No joke: When I was in law school, one of my favorite classes was Securities Law, taught by a former Scalia law clerk, who began the course with the words of Gordon Gekko: “Greed is good.” I also watched a lot of CNBC at the time and fancied myself a future SEC attorney. It was a very misguided time in my life, and I feel fortunate now that the SEC rejected me for a summer internship, dashed my dreams, and left me completely disillusioned with the law, or at least with my own ability to become a lawyer.
It also left me with a fairly basic understanding of the financial transactions that underpin Showtime’s Billions, but what’s most remarkable about this series is that the transactions don’t make a lick of damn sense, but it hardly matters. You can know everything there is to know about the series from the momentum of the storyline, by who is arching their eyebrow, or by how the music is being played. Typically, the more scenery that Paul Giammati chews, the more trouble he is in, while Axe’s mood can often be determined by how unkept that one tuft of eyebrow hair is.
It’s the little things that make Billions so much fun to watch.
In this week’s episode, we don’t even need to understand the underlying transactions. It’s enough to know that Axe charms, allies with, and f**ks self-made billionaire Rebecca Cantu (Nina Arianda) in order to screw over Taylor Madison. The gambit work. He screws over Rebecca in the process, but in doing so, also makes her wealthier. He essentially exchanges that new wealth for more leverage against Madison. Rebecca comes out of the entire equation feeling screwed over by Axe, but as is often the case on Billions, screwing someone over also affords you their respect, which is to say that Axe and Rebecca will continue to be f*ck buddies for the foreseeable future, and with Lara out of the picture (and Malin Akerman reduced to a recurring role), Axe needs a new love interest. Rebecca, nevertheless, will undoubtedly continue looking for opportunities to exact her revenge on Axe. And I’m sure at some point, she will. As Billions tells it, wars in the financial world are all wars of attrition. It’s not who wins; it’s who is left standing.
That leverage against Taylor Madison had something to do with freezing out their access to banks, but ultimately, Taylor plays their own game. Zugzwang in this episode is a reference to Taylor’s situation. Zugzwang, according to Wikipedia, “is a situation found in chess and other games wherein one player is put at a disadvantage because they must make a move when they would prefer to pass and not move. The fact that the player is compelled to move means that their position will become significantly weaker.” In Taylor’s case, they are screwed if they accept the Russian mobster investors put forward by Andolov or reject them. Using some sophisticated mind games, however, Taylor ultimately torpedoes the potential investors put forward by Andolov by taking away their ability to invest, meaning that Taylor doesn’t have to make a move, after all. Taylor also frames it as the Russian mobsters’ fault, slightly pulls themself out from beneath the thumb of Andolov and convinces him to use his influence to reopen their access to the banks and screw over Axe. In other words? In the war between Axe and Taylor Madison this week, it’s a draw. Axe drew blood, but they quickly bandaged themself back up and will return next week with a bigger weapon.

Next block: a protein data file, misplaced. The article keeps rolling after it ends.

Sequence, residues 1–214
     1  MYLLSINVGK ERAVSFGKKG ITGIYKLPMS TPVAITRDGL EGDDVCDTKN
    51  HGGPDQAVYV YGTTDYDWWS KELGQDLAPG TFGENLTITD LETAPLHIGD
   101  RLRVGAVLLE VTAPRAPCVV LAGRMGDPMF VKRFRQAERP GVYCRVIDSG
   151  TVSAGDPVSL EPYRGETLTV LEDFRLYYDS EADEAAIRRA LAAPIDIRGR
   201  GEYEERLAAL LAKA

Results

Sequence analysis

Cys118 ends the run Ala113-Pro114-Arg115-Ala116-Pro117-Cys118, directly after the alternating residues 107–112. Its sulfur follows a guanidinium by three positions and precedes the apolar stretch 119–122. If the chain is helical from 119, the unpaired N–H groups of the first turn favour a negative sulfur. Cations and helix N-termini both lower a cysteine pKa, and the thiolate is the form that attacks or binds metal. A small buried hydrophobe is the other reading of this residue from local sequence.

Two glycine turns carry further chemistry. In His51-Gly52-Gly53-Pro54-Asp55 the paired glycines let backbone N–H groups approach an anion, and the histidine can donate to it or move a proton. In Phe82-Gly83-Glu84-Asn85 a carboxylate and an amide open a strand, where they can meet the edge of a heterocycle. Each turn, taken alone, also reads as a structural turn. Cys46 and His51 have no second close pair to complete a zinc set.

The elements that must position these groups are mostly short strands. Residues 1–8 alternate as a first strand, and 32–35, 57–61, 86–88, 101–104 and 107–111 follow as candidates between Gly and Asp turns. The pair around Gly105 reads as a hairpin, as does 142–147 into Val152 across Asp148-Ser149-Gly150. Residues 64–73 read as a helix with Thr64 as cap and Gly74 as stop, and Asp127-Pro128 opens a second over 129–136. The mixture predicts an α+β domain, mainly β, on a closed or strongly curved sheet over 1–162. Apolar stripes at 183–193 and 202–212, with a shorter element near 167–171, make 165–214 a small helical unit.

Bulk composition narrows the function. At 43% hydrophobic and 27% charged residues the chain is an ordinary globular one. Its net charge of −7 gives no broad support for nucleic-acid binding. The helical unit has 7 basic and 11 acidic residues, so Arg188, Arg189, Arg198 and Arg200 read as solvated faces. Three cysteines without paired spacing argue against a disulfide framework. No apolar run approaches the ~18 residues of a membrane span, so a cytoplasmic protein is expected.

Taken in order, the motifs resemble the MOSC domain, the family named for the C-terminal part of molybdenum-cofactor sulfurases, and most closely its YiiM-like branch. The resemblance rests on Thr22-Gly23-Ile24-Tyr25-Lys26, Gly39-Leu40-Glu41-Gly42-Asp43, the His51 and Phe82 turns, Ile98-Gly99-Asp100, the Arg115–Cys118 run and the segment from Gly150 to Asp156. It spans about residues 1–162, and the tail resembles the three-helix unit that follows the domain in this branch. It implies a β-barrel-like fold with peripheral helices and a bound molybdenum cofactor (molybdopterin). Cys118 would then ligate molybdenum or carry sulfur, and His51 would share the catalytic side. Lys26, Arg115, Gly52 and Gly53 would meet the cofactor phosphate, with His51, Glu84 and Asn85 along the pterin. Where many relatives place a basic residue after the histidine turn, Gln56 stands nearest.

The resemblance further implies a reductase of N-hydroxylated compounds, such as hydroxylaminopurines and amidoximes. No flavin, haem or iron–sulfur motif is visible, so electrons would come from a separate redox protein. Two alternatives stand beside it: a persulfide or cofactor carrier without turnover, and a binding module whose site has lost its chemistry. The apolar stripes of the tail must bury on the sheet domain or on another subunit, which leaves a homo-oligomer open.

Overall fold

Meanwhile, in Chuck Rhoades’ world, the chief of police, Richie Sansome, puts Rhoades onto Raul Gomez and the NYPD pension fund, and in doing so, potentially puts Axe in Rhoades’ crosshairs again. However, Rhoades is learning — wisely — that it’s best to work with Axe than against him. Here, the two hatch a plan that makes almost everyone a winner — Sansome will be wealthier, Gomez will escape scrutiny, Axe will reclaim the police pension fund, and Rhoades wins Sansome’s endorsement for AG. Unfortunately, there also has to be a loser, and Billions is happy to make Michael Panay the offscreen scapegoat, while that poor bastard Bryan Connerty — who is terrified that Rhoades will win the AG position and put Connerty out of a job — is left fuming and pulling his hair. We should all be rooting for Connerty — he’s the only guy on this show with an ounce of morality — but it’s so much fun to see him suffer.
All is not great for Chuck Rhoades, however, because his wife, Wendy, is feeling … I want to say, sexually unfulfilled? She has the big job, the big paycheck, and all the power, but when her husband comes home, all he wants is to be dominated. As Bonnie puts it, sometimes Wendy just wants to come home and “get railed.” However, Wendy checks in with the couple’s BDSM guide, Troy, and learns that dominating — instead of being dominated — is not in Chuck’s “arousal template,” leaving Wendy without an appropriate outlet for her own sexual needs. I am not a sex therapist, so I don’t have the first clue as to how to navigate this issue, but it may ultimately provoke Wendy to look outside the marriage to find someone who can give her the “railing” she desperately wants. Is that Axe? Is that where all of this is leading? Will the harmony between Chuck and Axe ultimately unravel over Wendy again? Because this détente between Chuck and Axe cannot last forever.
Header Image Source: Showtime